Thursday's announcement came after months of efforts by the agency to curb youth vaping. E-cigarettes — which look nothing like conventional cigarettes — have become wildly popular with teens. They produce tiny vapor puffs from pods that contain flavored nicotine fluid. The most popular brand, Juul, is designed to look like a thumb drive, can be charged on laptop computers, and can be easily hidden in a shirtsleeve.

In September, the FDA demanded that e-cigarette manufacturers produce a plan to restrict sales to minors, and imposed a deadline that passed last weekend. Juul Labs, which accounts for nearly 70 percent of e-cigarette sales, announced this week it would stop selling most of its flavored products in retail stores. Another company, Altria, said late last month it would stop selling its pod-based flavored e-cigarettes for now.

The FDA also announced plans to target flavored cigars and menthol cigarettes. The agency is starting the process to ban both products.

Flavors, including menthol, candy, and fruit, help mask the harshness of tobacco and can make it easier for youths to start smoking. One study found two-thirds of teenagers who had smoked a cigar used a flavored one their first time.

The tobacco industry has long fought to protect menthol cigarettes, and several companies made it clear they'd fight both proposed bans.

The National Association of Tobacco Outlets said it shares the FDA's concerns about youth smoking, but bans would have "unintended consequences," shifting items to the black market. The group advocated enforcement of current laws instead. "Education and compliance with the law are the keys to achieving the goal of helping to prevent underage access," said Thomas Briant, executive director of the association.

Others questioned the evidence behind the proposed bans. Altria Group, which makes Marlboro cigarettes and Black & Mild cigars, said in a statement, "We continue to believe that a total ban on menthol cigarettes or flavored cigars would be an extreme measure not supported by the science and evidence."

Yet research shows menthol cigarettes can actually be more difficult to quit than non-flavored cigarettes.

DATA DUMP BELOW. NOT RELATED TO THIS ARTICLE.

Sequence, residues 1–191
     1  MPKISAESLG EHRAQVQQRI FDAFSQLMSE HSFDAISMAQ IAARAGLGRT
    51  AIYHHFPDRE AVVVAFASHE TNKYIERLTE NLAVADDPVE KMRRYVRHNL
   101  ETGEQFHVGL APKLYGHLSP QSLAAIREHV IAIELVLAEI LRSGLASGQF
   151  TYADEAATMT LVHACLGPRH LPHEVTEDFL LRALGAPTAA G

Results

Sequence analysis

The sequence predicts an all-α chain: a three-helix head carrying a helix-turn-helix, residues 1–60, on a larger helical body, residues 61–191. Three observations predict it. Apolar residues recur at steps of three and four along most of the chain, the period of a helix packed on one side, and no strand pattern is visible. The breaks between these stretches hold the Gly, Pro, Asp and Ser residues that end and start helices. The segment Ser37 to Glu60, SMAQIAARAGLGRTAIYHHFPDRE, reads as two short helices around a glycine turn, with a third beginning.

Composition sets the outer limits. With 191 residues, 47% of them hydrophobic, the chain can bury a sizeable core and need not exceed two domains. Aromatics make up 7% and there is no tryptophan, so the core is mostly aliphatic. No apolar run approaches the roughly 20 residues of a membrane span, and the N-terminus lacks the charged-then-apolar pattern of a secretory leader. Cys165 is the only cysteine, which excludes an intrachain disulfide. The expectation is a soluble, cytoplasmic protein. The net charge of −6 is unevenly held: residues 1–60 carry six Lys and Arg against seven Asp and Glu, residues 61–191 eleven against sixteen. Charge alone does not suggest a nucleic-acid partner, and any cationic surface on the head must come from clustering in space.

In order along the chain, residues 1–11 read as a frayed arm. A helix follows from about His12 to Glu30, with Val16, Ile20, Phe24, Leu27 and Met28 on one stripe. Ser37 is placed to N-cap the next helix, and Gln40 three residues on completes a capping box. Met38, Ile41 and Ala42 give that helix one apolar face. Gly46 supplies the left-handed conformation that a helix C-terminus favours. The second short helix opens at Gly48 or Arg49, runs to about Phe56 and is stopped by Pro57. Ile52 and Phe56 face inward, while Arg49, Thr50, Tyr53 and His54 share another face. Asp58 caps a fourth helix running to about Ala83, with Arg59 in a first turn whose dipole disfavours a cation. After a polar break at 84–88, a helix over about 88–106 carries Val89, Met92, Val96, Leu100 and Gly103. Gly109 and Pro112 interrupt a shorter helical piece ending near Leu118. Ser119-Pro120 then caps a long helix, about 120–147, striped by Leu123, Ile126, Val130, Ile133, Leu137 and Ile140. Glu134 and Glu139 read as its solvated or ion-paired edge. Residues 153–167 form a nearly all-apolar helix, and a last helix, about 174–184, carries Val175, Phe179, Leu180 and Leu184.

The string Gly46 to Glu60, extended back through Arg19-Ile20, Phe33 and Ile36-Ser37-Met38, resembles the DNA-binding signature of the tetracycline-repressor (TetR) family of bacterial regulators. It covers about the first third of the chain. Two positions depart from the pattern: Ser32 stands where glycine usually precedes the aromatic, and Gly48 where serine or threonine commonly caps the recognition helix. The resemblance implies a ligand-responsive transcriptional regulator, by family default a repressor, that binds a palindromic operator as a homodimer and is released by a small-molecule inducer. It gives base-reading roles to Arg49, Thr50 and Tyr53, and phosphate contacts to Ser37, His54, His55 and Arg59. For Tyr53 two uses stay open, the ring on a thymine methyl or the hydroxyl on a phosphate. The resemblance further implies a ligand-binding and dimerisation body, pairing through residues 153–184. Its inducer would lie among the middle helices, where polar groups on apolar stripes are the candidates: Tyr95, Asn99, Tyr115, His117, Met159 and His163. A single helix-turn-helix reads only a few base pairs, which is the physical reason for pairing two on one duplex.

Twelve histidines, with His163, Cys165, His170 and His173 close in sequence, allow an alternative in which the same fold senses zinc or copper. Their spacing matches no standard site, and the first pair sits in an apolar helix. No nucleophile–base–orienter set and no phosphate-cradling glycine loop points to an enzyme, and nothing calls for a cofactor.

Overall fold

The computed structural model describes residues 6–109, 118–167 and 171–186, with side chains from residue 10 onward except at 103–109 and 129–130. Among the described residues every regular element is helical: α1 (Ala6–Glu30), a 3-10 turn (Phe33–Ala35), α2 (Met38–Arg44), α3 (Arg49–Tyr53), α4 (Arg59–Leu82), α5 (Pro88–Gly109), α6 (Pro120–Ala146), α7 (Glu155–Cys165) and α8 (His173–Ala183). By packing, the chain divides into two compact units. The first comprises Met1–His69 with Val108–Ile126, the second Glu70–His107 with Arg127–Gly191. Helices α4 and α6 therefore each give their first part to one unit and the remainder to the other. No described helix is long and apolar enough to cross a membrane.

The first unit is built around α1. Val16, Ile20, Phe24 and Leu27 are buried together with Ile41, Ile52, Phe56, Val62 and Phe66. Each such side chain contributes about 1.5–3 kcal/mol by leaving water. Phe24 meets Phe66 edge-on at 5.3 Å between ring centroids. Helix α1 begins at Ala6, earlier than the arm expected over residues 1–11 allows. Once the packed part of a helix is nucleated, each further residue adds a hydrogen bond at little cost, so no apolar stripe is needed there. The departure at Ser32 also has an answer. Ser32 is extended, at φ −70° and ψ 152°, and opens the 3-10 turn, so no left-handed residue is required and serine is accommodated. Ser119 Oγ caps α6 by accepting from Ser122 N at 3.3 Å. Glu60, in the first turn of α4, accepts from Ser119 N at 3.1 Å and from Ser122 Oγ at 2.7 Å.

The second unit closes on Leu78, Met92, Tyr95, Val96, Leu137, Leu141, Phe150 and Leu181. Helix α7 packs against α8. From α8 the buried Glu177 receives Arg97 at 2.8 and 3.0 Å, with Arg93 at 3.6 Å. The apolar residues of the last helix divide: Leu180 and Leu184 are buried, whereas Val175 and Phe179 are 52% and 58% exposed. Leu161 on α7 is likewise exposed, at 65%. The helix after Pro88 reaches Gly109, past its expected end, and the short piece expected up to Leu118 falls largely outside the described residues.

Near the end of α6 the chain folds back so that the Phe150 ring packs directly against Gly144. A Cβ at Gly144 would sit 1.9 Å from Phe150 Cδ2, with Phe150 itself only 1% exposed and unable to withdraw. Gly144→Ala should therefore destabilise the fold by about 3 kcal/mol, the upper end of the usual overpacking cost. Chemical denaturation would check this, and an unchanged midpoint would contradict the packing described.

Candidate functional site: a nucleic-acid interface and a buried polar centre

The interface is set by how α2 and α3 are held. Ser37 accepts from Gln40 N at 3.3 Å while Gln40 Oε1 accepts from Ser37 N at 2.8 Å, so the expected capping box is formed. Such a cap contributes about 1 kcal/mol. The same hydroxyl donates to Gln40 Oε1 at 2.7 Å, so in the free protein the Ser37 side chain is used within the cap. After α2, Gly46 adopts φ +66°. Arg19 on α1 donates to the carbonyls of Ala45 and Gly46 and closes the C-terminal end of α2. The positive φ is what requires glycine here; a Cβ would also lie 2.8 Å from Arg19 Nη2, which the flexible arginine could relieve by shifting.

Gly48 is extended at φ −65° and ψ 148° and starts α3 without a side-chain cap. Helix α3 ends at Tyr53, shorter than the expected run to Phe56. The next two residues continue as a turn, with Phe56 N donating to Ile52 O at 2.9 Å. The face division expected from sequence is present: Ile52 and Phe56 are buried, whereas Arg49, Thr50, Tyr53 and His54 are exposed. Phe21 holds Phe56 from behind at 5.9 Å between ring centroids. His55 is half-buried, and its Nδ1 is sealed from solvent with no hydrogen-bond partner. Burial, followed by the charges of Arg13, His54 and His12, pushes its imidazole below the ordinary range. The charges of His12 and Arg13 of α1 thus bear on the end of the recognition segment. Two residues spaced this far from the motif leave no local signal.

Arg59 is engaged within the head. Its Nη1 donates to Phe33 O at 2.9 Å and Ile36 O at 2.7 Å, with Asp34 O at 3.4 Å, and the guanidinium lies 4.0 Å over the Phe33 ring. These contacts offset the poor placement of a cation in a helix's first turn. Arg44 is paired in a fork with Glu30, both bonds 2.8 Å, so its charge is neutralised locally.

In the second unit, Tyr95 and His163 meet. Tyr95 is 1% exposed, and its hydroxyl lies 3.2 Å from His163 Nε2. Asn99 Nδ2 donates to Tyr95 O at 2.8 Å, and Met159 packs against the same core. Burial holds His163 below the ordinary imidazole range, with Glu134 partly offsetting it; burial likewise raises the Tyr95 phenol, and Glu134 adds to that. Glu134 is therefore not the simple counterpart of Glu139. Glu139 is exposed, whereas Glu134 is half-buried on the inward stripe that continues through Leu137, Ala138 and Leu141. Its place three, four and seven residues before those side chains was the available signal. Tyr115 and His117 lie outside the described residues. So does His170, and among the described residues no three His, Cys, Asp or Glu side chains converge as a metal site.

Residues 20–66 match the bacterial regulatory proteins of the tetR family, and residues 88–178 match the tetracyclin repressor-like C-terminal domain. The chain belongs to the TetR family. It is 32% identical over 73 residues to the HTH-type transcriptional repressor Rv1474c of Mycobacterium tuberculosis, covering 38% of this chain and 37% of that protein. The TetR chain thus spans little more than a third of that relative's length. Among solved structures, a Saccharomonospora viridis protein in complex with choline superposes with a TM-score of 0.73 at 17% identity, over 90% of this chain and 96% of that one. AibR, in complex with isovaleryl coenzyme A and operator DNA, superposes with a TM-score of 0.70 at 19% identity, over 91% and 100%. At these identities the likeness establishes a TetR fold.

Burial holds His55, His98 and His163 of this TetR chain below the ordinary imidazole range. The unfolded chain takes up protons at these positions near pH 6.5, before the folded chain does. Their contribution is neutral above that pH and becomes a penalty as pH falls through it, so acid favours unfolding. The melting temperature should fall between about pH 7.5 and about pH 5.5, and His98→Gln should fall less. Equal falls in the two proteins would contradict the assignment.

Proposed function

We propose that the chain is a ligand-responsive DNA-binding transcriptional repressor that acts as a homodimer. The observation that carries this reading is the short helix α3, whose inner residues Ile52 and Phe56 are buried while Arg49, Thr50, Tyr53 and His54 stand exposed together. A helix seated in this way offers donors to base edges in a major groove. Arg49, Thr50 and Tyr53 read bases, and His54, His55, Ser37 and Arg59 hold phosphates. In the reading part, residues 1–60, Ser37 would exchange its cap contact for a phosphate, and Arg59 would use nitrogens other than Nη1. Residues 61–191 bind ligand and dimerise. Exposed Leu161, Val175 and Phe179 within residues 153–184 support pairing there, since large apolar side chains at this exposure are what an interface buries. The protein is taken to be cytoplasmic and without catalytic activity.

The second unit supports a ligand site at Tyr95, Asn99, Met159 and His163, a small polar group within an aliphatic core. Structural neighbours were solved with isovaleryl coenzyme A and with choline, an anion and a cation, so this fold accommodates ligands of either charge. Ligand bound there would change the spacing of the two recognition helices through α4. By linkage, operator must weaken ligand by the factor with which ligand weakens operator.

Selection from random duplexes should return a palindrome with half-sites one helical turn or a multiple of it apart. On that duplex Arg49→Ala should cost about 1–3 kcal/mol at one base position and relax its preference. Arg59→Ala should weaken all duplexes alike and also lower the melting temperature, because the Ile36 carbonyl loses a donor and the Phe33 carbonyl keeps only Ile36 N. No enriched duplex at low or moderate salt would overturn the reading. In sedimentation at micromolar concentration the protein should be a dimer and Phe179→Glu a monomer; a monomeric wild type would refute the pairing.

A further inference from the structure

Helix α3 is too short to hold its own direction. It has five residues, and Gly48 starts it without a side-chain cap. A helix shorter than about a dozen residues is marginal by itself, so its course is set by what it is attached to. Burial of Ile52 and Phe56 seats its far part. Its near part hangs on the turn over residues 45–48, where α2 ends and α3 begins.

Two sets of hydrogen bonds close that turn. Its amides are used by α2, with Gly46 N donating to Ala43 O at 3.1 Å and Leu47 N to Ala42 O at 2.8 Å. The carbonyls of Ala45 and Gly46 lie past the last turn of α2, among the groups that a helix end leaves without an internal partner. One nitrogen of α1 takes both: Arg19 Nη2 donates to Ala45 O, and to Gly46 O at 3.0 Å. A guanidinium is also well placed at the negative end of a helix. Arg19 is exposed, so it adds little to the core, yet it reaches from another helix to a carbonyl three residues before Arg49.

Health advocates, who have pushed for a ban on menthol cigarettes for years, applauded the move as a key step toward reducing racial health disparities. National data show 70 percent of African American youth smokers choose menthol cigarettes, compared to just over half of young white smokers. Flavored cigars are also especially popular among African American youth.

"If adopted, these two proposals will have a greater impact in reducing tobacco use by youth and the African American community than any regulatory measure ever undertaken by the federal government," Matthew Myers, president of the Campaign for Tobacco-Free Kids, said in a statement.

Flavored cigars and smaller cigarillos are a particular concern in Philadelphia, where their use has doubled in recent years, even as cigarette use fell. The use of cigars has tripled among African American youth in the city. Earlier this year, City Council proposed banning flavored cigars and cigarillos, but the measure failed after the state prevented individual cities from enacting new tobacco restrictions.

Gottlieb said the new policies represent a start, and the FDA is open to enacting more restrictions in the future.

"If the policy changes that we have outlined don't reverse this epidemic, and if the manufacturers don't do their part to help advance this cause, I'll explore additional actions," he said.